Meat Consumption World Wide
The Organisation for Economic Co-operation and Development (OECD) collects data about meat consumption, related to living standards, diet, livestock production and consumer prices, as well as macroeconomic uncertainty and shocks to GDP.
This data was used in the publication OECD-FAO Agricultural Outlook (2016). As described by the authors:
Meat consumption is related to living standards, diet, livestock production and consumer prices, as well as macroeconomic uncertainty and shocks to GDP. Compared to other commodities, meat is characterised by high production costs and high output prices. Meat demand is associated with higher incomes and a shift - due to urbanisation - to food consumption changes that favour increased proteins from animal sources in diets. While the global meat industry provides food and a livelihood for billions of people, it also has significant environmental and health consequences for the planet. This indicator is presented for beef and veal, pig, poultry, and sheep. Meat consumption is measured in thousand tonnes of carcass weight (except for poultry expressed as ready to cook weight) and in kilograms of retail weight per capita. Carcass weight to retail weight conversion factors are: 0.7 for beef and veal, 0.78 for pigmeat, and 0.88 for both sheep meat and poultry meat.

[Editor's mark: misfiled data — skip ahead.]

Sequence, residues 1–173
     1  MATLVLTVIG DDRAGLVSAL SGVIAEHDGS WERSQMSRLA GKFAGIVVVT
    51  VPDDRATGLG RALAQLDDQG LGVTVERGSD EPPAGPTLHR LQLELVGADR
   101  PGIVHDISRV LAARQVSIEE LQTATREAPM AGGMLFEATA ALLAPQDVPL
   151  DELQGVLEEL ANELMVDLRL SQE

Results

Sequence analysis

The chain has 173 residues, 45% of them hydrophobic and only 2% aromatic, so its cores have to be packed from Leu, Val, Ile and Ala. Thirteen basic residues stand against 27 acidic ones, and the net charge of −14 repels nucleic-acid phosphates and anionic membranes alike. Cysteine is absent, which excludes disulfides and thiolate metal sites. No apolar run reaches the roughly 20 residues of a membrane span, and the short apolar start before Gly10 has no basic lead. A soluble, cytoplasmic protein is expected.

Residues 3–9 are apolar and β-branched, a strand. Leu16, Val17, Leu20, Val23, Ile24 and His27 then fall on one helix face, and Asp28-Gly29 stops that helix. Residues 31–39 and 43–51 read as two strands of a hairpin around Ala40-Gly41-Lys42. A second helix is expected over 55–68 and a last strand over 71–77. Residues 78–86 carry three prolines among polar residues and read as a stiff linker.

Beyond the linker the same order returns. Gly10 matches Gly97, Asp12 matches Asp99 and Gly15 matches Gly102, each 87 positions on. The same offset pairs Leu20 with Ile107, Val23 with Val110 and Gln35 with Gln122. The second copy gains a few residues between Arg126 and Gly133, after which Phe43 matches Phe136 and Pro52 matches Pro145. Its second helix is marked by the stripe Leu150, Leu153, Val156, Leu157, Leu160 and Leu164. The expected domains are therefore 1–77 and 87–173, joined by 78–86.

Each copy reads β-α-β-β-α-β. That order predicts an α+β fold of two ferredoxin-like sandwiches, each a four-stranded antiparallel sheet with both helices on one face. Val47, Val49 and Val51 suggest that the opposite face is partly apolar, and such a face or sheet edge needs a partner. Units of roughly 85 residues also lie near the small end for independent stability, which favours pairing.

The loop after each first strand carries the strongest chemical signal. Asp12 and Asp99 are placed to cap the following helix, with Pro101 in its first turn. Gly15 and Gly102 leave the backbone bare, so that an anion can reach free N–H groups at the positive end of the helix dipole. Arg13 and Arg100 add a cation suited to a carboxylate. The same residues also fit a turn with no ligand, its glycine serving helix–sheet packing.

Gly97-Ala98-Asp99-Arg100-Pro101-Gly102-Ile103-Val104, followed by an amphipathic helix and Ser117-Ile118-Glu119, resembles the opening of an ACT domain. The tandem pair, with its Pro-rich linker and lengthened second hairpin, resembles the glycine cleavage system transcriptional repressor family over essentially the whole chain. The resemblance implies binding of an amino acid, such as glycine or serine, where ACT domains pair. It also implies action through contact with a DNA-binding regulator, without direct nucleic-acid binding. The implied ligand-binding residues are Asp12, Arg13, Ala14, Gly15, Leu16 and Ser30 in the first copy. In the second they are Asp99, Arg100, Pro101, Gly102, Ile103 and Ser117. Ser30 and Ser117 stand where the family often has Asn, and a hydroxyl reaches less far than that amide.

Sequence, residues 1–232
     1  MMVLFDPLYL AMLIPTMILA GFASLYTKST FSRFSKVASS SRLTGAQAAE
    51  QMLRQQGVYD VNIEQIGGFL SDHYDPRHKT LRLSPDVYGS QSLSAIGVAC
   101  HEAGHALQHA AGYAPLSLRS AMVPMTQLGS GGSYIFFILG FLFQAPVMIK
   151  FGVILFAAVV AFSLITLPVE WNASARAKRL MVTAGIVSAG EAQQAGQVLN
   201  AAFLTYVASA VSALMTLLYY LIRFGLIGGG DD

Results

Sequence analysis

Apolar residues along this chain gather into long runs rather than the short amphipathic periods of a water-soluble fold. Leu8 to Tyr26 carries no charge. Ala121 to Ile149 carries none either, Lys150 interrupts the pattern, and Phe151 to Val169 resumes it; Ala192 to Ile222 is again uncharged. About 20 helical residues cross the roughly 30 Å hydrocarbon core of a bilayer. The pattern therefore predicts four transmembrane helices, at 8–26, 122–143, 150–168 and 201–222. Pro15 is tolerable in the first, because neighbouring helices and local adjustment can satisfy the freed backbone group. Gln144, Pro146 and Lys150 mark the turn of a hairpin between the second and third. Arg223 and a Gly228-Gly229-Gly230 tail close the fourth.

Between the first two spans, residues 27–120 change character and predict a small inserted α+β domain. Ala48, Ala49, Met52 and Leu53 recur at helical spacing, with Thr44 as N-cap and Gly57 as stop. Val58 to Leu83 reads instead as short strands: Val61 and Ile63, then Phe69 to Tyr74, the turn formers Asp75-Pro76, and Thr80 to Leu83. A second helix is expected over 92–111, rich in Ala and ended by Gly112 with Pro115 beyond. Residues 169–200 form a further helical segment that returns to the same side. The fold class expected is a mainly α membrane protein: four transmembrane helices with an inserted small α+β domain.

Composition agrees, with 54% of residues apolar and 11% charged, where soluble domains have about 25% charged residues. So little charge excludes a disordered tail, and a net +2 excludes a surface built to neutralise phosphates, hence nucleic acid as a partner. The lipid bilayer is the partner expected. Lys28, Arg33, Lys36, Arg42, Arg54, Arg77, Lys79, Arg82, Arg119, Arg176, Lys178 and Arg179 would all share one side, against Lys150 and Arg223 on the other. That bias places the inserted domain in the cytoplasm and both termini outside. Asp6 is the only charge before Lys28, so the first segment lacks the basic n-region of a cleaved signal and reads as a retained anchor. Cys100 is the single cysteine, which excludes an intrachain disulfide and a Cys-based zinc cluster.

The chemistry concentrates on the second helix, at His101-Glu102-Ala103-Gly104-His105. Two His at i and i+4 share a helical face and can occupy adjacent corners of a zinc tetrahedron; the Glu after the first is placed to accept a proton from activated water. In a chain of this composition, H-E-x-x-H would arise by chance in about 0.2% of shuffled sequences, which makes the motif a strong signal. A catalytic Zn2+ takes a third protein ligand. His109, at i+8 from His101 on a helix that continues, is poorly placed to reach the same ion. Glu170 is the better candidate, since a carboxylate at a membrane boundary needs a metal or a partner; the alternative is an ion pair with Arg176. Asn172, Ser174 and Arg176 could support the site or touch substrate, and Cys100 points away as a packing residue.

OECD (2017), Meat consumption (indicator). doi: 10.1787/fa290fd0-en (Accessed on 02 February 2017)
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Refreshed 2017-02-02 09:04:34